Connection between Shipper and NVOCC :-
- Can a shipper negotiate directly with a NVO for slot rates?
- Who would handle the documentation in that case?
- Would the shipper/cnee have to hire a FF to complete the delivery? Or could they do it with an in-house staff member?
Thanks Jeff Carter for this multi part question..
If you read my previous article regarding NVOCC operator, I have mentioned that
“NVOCC is in certain areas accorded the status of a virtual “carrier” and in certain cases accepts all liabilities of a carrier”..
This should answer the first question.. Since the NVOCC operator takes on the role of the carrier, for sure the shipper can negotiate rates directly with the NVOCC operator and that is what the NVOCC also requires..
(For those of you who might be confused with the term NVO used by Jeff, please read https://www.shippingandfreightresource.com/is-there-a-difference-between-a-nvo-and-nvocc-operator/)..
There is no separate documentation involved in negotiating rates or dealing directly with the NVOCC.. You provide them with the information of the cargo that you want to ship, namely :
- Tonnage or Volume of shipment (say 25×20′ containers)
- Port pairs (Load Port/Discharge port)
- Special cargoes if any (hazardous, reefer, OOG etc)
- Period of shipment
- Any other information required by the NVOCC
and based on the information provided, the NVOCC will advise the rates and services that they are able to offer and if you accept this rate and service, then you have a contract..
One of the main differences in dealing with an NVOCC or a direct shipping line is that in the case of an NVOCC, they will issue their own bill of lading which in various circles is known as a House Bill of Lading, but this is a bill of lading that is acceptable to banks, chambers of commerce and other entities as a negotiable bill of lading when issued as such..
Whether you need to hire a Freight Forwarder to handle the shipment or not will depend totally on what activities you require to be performed.. If you search this blog for the term forwarder, you will come across several articles describing the activities of a forwarder..
One of these articles says :
A Freight Forwarder is someone who undertakes to handle the movement of goods from point to point on behalf of the cargo owner..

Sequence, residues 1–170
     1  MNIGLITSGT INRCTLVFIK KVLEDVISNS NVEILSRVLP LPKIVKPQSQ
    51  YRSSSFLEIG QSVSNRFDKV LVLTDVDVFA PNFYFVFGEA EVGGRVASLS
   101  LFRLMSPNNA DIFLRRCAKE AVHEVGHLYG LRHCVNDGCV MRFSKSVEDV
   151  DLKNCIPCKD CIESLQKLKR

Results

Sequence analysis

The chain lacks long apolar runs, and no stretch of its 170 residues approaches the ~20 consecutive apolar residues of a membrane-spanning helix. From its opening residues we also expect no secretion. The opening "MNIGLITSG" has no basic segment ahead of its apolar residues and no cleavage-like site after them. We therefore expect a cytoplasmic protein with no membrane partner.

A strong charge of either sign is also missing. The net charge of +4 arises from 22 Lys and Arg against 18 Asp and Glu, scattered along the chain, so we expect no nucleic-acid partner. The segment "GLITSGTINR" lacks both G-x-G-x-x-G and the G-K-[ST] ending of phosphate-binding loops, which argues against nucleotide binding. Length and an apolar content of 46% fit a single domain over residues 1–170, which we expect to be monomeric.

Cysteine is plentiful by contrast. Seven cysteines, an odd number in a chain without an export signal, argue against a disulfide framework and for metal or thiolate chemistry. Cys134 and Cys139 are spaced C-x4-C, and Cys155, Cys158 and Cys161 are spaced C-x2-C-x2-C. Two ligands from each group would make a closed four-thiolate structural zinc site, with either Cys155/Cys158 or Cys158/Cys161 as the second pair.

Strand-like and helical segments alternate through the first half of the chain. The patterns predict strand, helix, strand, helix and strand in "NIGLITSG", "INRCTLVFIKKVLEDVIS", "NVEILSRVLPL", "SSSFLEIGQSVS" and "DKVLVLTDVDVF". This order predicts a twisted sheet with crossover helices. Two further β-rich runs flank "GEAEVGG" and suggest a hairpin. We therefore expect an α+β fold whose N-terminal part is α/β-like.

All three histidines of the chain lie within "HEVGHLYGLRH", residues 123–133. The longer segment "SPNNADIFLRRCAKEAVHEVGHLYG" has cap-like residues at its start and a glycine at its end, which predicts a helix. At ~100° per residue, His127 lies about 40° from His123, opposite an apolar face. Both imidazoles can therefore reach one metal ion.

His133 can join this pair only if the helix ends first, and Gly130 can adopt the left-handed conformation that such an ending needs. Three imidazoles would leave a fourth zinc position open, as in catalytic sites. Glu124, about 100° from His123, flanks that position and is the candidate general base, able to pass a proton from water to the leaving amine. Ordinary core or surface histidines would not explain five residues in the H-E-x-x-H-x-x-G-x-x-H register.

The essence of freight forwarding is to ensure that the cargo is picked up from the seller and delivered to the buyer at the required place, at the right price and in the same condition that it is picked up from origin..
A freight forwarder will have the below capabilities :
- experienced in all modes of transportation – road, rail, air and sea
- store the cargo belonging to the clients at their warehouse (usually all big forwarders have their own warehouses)
- arrange the distribution or “forwarding” of the cargo as per the instructions of their client
- negotiate freight rates with the shipping line
- book the cargo with the shipping line as per the requirement of the client
- prepare bills of lading and associated shipping/negotiating documentation (EUR1, Certificate of Origin, etc)
- issue approved house bill of lading (House bill of lading)
If you require all above activities to be done, then yes you need to employ the services of a freight forwarder, otherwise if you are capable enough to handle it on your own, it can be done on your own.. However I must warn you that it is NOT EASY..
Therefore, if in doubt, engage the services of a professional and reputable freight forwarding company.. Do this after due research and preparations especially if you are exporting for the first time so you are not taken to the cleaners straight afterwards..
Hi there Hariesh,
Love the blog- great tool. What value do shippers and forwarders attach to the concept of neutrality from a carrier / NVOCC?
Hello Nic, by neutrality do you mean that the NVOCC/Carrier doesn’t approach a forwarders or clearing agents shippers directly..?? If so, a lot of NVOCC/Carriers do value it, but there are those who would consider the issue to be subjective..